A second panel brought together experts on the conformity assessment mechanisms in place to assure the security of the global supply chain for food and consumer products. While the food safety industry has been slow to understand and embrace the value of third-party accreditation, Jill Hollingsworth, group vice president for food safety programs at the Food Marketing Institute, said that customers, grocers, and restaurants are increasingly demanding certified produce, meat, and other foods. Though many certifications may be voluntary, suppliers will get on board if certification helps them keep their customers and build their business. With the proposed food safety legislation unlikely to move until after the November Congressional elections, reliance on private sector-led conformance solutions is critical to assure a secure food safety supply chain.

The third panel addressed the status of climate change legislation and regulation, voluntary markets, and the importance of oversight and conformity assessment in climate related claims. Speakers discussed how seemingly every industry is now affected by these issues, challenged to increase efficiency and green supply chains, and reduce GHG emissions. Consumers are also increasingly factoring in environmental concerns in purchasing decisions. The rapidly growing eco-labeling market is a product of this focus and the variety of certification marks, labels, and terms creates confusion. Businesses interested in reducing their environmental impact often don't know where to start, while consumers are confused by the overabundance of these labels. Transparency, accountability, and standardization are essential in these types of claims. Accredited third party certification is critical in establishing credible and meaningful marks in the field.

One of the panelists, Craig Coulter, business manager of sustainability services for UL Environment, offered several steps to improve the landscape for meaningful climate change mitigation. He stressed the importance of communication across sectors, examining existing and needed standards and how they might work together, and looking for historical parallels to guide further action. In general, attendees agreed that it can be difficult to build this type of cooperation, but it is key to the most effective solutions, and ANSI is well-positioned to continue facilitating this effort in the future.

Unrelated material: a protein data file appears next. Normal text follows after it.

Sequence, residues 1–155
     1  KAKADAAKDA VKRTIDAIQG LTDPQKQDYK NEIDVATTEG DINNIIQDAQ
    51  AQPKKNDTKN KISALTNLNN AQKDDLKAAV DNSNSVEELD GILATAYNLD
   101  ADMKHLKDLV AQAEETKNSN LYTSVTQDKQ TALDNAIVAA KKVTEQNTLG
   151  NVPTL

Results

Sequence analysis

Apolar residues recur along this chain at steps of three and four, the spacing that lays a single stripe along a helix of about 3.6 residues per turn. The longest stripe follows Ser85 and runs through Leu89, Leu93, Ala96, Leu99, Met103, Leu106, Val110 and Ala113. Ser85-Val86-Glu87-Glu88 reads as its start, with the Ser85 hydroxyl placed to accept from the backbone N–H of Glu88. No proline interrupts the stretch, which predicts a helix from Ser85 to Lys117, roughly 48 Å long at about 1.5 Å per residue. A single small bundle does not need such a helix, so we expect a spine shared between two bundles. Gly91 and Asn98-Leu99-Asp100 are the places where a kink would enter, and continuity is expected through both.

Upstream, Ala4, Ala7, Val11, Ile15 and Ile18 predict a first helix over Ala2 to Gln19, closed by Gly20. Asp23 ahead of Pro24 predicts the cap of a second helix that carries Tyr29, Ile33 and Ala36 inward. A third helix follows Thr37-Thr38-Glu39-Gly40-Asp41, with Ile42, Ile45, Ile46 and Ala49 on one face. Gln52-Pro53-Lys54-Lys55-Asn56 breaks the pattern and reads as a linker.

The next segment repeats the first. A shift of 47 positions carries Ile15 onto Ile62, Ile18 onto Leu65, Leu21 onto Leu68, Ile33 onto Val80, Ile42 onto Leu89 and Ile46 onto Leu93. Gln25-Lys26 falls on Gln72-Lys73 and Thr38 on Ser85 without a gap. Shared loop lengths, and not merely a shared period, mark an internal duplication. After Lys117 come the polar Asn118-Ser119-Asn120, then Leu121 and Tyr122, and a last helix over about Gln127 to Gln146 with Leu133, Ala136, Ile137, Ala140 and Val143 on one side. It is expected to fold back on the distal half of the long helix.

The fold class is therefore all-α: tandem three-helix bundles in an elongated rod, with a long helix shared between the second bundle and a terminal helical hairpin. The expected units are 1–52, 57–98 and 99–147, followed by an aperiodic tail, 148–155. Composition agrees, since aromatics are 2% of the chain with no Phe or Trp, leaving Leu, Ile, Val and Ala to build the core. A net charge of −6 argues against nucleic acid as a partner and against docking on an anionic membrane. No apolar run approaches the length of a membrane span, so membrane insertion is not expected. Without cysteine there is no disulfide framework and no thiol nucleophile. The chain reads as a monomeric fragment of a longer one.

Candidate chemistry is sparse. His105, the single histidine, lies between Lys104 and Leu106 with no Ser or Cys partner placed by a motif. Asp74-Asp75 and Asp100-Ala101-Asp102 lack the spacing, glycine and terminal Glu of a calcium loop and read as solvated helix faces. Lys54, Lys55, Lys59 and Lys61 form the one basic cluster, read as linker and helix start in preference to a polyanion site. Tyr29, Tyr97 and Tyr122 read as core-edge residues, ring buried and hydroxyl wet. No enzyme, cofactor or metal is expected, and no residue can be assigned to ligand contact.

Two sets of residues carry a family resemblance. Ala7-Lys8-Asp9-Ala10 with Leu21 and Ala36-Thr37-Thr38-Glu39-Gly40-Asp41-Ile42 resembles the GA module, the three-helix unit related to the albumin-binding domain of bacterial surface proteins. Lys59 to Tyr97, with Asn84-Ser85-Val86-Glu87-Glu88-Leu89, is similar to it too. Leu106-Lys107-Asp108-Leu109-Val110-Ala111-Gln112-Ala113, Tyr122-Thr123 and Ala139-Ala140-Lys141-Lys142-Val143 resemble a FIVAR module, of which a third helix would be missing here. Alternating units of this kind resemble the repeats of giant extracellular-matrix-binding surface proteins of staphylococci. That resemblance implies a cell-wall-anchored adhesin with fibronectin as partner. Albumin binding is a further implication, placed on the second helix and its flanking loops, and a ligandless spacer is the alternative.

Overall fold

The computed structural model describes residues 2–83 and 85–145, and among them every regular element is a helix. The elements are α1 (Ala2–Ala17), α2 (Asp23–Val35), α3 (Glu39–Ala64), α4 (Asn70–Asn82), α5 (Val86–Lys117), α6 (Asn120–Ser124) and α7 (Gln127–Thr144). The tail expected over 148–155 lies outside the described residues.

In a lively open discussion period, attendees described conformity assessment as a tool to stimulate growth, manufacturing, and competitiveness. But several participants cautioned that compliance activities should not dictate needs; rather, they should be an anticipation of or a response to those needs. And as industry calls for government agencies to rely on private sector-led standards and conformance solutions, there needs to be greater information sharing and collaboration in order to facilitate this partnership. Government agencies looking to set mandates may not rely on a private-sector conformity assessment scheme if they don't know it exists, and industry may not expend the resources to travel to Washington and meet with government officials if they don't know about proposed regulations that may affect their business.

Proceedings and presentations from the event are available here. To view photos from the conference, click here. For more information on this and the other events of World Standards Week, visit


Jana Zabinski

Senior Director, Communications & Public Relations


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Beth Goodbaum

Journalist/Communications Specialist